the  better  for  its  not  having  told  its  whole  story 
in  the  first  three  minutes.  That  story  came  out 
as  one  read,  in  short  instalments  —  it  was  ex- 
cusable that  one's  analogies  should  be  somewhat 
professional  —  and  the  text  was  a  style  con- 
siderably involved,  a  language  not  easy  to  trans- 
late at  sight.  There  were  shades  of  meaning  in 
it  and  a  vague  perspective  of  history  which  receded 
as  you  advanced.  Two  facts  Paul  had  particularly 
heeded.  The  first  of  these  was  that  he  liked  the 
measured  mask  much  better  at  inscrutable  rest 
than  hi  social  agitation ;  its  almost  convulsive 
smile  above  all  displeased  him  (as  much  as  any 



impression  from  that  source  could),  whereas  the 
quiet  face  had  a  charm  that  grew  in  proportion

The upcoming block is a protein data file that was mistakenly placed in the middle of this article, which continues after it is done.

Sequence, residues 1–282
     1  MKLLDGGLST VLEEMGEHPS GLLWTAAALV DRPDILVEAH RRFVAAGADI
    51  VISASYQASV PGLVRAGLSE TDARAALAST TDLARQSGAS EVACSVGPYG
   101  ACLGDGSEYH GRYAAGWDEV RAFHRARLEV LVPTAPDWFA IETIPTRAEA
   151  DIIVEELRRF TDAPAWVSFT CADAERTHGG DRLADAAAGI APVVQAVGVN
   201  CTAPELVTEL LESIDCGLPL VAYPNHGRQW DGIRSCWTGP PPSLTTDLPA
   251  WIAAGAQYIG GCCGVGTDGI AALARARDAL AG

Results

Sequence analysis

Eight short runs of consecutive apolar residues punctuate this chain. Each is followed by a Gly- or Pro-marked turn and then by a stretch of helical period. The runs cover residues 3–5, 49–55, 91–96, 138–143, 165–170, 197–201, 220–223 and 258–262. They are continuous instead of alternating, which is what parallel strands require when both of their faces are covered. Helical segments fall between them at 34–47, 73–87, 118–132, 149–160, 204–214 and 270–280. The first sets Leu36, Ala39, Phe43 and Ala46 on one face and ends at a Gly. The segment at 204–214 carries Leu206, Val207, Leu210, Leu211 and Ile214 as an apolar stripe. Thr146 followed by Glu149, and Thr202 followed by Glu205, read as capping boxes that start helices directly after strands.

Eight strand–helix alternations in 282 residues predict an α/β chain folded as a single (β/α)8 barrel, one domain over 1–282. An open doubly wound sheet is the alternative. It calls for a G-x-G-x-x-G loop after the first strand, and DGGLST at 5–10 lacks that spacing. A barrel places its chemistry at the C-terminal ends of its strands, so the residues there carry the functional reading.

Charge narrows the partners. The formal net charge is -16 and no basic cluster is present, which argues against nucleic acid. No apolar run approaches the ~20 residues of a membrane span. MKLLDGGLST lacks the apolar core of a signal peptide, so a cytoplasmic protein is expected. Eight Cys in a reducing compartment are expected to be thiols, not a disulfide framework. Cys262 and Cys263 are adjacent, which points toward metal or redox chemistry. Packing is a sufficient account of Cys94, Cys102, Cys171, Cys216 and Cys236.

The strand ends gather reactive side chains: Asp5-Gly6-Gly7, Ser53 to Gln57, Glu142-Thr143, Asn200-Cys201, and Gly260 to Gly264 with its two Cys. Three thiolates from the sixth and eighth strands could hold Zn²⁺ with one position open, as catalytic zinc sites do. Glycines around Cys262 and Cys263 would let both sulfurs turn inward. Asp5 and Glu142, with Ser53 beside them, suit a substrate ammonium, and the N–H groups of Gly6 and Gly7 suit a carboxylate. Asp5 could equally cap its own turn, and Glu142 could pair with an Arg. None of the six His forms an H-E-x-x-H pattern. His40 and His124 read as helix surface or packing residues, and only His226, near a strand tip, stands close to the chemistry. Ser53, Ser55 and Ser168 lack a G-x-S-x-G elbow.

as  stillness  settled  again.  The  change  to  the 
expression  of  gaiety  excited,  he  made  out,  very 
much  the  private  protest  of  a  person  sitting 
gratefully  in  the  twilight  when  the  lamp  is  brought 
in  too  soon.  His  second  reflexion  was  that,  though 
generally  averse  to  the  flagrant  use  of  ingratiating 
arts  by  a  man  of  age  "  making  up  "  to  a  pretty 
girl,  he  was  not  in  this  case  too  painfully  affected  : 
which  seemed  to  prove  either  that  St.  George  had 
a  light  hand  or  the  air  of  being  younger  than  he 
was,  or  else  that  Miss  Fancourt's  own  manner 
somehow  made  everything  right. 

Overt  walked  with  her  into  the  gallery,  and  they